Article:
by David Cecelski
When my sister and my brother-in-law arrived yesterday, I had the chicken broth ready for them. Following my brother-in-law’s instructions, I had boiled a chicken with onions, garlic, carrots, and cilantro. As soon as he took off his coat, he removed the chicken from the pot, put it in the oven to keep warm, and strained the broth. Then he began to stir the broth into mole paste that he had brought from San Miguel de Allende, a colonial city in the lovely hills ofGuanajuato, Mexico, where he was born and raised.
The paste was a rich, dark, fabulously complex mix of dried chiles, ground nuts, chocolate, and as many as 20 other ingredients. It’s the foundation for mole poblano, one of Guanajuato’s most revered dishes. His sister’s in-laws had made the paste by hand.
While the rest of the family arrived, my brother-in-law gently stirred spoonfuls of the chicken broth into the mole paste. He simmered the sauce on low heat while he stirred. Before long, the mole was as thick as cake batter and had the color of dark chocolate.
As he prepared the mole, my sister made Mexican-style rice, frying it in oil and then boiling it in chicken broth. She also marinated sliced onions in lime juice, salt, and water. While they cooked, she and my brother-in-law told me how the markets in San Miguel are filled with little shops and stalls that sell handmade moles. The venders offer their customers pinches of the various mole pastes, so that they can taste and compare them. Every recipe for mole poblano is a little different, they told me. And there are other kinds of mole, too—mole rojo, mole negro, mole coloradito, mole cacahuate, and others. My brother-in-law especially likes his sister’s mole verde (green sauce), “a whole other thing,” my sister said, made with a base of toasted pumpkin seeds.
My brother-in-law told me that mole poblano is a special meal in San Miguel. Because of its complexity and the difficulty of gathering all the ingredients, the cooks in his family mainly prepare the dish for holidays, feast days and other special occasions. In San Miguel, he said, people often put mole poblano on the little altars that they build for their loved ones on Day of the Dead. Here, in his adopted home, he fixes the dish for us once of year, usually around Christmas or New Years.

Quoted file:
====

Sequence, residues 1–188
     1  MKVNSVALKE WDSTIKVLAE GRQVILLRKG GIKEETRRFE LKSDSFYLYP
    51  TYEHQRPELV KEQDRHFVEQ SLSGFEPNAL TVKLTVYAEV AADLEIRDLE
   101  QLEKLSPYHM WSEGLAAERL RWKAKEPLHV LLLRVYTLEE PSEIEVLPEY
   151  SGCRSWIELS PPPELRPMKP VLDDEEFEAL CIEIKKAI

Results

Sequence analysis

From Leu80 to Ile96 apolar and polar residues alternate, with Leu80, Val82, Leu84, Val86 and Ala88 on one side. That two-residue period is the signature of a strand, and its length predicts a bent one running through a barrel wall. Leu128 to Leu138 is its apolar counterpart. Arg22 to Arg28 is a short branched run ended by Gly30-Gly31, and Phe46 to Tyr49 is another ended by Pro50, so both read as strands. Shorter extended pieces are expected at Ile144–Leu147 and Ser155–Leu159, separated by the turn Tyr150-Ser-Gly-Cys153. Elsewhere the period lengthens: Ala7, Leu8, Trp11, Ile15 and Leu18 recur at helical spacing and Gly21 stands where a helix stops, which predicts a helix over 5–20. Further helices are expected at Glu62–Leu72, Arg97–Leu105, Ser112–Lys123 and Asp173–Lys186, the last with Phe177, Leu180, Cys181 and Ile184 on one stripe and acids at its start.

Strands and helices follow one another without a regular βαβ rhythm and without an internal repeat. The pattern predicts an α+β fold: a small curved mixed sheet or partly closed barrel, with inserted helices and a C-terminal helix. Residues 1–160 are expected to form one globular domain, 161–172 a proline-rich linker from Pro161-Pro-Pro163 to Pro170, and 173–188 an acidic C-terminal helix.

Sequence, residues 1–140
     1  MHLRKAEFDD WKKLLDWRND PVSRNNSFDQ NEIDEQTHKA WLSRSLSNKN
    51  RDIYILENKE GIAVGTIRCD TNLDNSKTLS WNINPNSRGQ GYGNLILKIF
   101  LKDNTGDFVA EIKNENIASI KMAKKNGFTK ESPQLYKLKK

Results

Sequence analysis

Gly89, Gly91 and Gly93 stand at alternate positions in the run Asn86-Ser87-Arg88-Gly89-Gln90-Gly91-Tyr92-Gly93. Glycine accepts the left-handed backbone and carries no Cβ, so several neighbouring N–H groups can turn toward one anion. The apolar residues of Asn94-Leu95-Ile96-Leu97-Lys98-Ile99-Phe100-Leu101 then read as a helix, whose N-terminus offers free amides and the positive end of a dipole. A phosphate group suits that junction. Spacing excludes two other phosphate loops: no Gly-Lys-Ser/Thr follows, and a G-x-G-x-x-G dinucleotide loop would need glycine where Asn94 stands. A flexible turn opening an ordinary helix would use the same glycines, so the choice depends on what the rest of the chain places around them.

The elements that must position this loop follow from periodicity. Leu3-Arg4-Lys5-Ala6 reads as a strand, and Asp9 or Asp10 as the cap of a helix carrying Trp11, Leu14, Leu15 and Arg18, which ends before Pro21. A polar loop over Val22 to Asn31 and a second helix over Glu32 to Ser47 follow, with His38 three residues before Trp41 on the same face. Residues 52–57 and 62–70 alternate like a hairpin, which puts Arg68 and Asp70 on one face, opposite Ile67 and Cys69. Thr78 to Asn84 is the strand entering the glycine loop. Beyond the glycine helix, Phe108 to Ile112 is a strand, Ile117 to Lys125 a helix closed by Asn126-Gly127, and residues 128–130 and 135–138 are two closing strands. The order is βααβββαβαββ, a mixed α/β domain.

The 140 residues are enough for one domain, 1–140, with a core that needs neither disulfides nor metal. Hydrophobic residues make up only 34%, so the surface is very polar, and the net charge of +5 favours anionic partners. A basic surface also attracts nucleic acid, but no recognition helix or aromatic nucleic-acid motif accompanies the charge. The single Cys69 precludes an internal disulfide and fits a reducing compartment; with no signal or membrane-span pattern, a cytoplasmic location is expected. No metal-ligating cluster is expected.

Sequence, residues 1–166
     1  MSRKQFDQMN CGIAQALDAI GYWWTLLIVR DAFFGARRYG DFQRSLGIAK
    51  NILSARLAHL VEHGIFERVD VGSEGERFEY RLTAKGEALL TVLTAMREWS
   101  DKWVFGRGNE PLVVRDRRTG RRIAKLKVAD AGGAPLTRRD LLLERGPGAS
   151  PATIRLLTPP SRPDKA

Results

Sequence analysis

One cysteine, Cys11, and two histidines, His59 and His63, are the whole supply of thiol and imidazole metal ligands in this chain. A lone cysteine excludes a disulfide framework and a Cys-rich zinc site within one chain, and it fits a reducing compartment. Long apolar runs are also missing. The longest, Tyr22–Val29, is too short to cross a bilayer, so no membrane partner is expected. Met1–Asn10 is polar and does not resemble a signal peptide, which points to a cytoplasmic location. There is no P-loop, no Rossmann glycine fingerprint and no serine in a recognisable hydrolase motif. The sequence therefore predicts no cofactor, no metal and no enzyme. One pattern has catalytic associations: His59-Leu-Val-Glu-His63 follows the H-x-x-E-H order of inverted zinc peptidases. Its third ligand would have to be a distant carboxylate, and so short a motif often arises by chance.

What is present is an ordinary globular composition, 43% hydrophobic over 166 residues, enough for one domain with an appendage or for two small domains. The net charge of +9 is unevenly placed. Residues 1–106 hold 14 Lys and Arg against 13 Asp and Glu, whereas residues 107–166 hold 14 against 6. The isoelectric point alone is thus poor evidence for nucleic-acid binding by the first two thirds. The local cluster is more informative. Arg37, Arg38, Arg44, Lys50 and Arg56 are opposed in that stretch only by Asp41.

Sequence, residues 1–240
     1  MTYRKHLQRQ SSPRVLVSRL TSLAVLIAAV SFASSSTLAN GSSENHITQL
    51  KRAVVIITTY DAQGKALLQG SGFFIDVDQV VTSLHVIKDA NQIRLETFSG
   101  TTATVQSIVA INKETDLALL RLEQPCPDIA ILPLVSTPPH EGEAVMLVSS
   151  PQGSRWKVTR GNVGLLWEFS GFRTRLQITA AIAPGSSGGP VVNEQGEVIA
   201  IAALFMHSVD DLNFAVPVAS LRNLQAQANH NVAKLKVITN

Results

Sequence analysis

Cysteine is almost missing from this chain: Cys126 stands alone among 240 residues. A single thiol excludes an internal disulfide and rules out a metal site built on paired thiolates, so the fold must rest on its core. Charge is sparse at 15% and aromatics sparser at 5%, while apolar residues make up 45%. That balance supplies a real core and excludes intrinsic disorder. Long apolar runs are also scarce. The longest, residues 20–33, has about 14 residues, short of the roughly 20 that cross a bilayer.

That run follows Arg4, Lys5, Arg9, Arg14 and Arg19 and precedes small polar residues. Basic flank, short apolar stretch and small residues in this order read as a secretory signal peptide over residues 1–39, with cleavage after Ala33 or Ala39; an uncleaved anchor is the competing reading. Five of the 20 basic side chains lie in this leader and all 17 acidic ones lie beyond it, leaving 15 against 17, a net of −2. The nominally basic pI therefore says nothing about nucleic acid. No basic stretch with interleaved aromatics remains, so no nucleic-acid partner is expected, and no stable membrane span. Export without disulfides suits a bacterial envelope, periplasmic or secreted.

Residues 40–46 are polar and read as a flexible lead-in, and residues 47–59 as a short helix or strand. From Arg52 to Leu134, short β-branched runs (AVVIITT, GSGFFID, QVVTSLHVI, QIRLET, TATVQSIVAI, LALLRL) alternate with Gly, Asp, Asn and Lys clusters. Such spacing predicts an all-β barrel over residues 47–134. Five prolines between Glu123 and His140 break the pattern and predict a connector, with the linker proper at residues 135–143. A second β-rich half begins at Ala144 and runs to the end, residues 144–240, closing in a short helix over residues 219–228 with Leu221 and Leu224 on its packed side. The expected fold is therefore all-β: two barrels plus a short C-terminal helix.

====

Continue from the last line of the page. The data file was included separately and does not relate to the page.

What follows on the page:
When everything was ready, he and my sister ladled the mole over the chicken and rice. They sprinkled the plates with toasted sesame seeds and then garnished them with the marinated onion slices. The dish was beautiful. We called the family together, all 15 or 16 of us. My brother-in-law’s face beamed with pride as he served the mole with fresh tortillas, still warm, and we celebrated his gift to us, an unforgettable taste of his native land.
I’m sure other Mexican stores here carry fresh mole paste, but the only place that I have seen it is at Panaderia la Favorita de Oaxaca on Chapel Hill Road in Durham. That little bakery carries mole negro (literally “black sauce”) paste and mole rojo (red sauce) paste. They’re not homemade, but they’re made by a company in Oaxaca. My family likes them quite a lot, and they’re as close to homemade as we’ll ever get when my brother-in-law isn’t cooking.
Photo by David Cecelski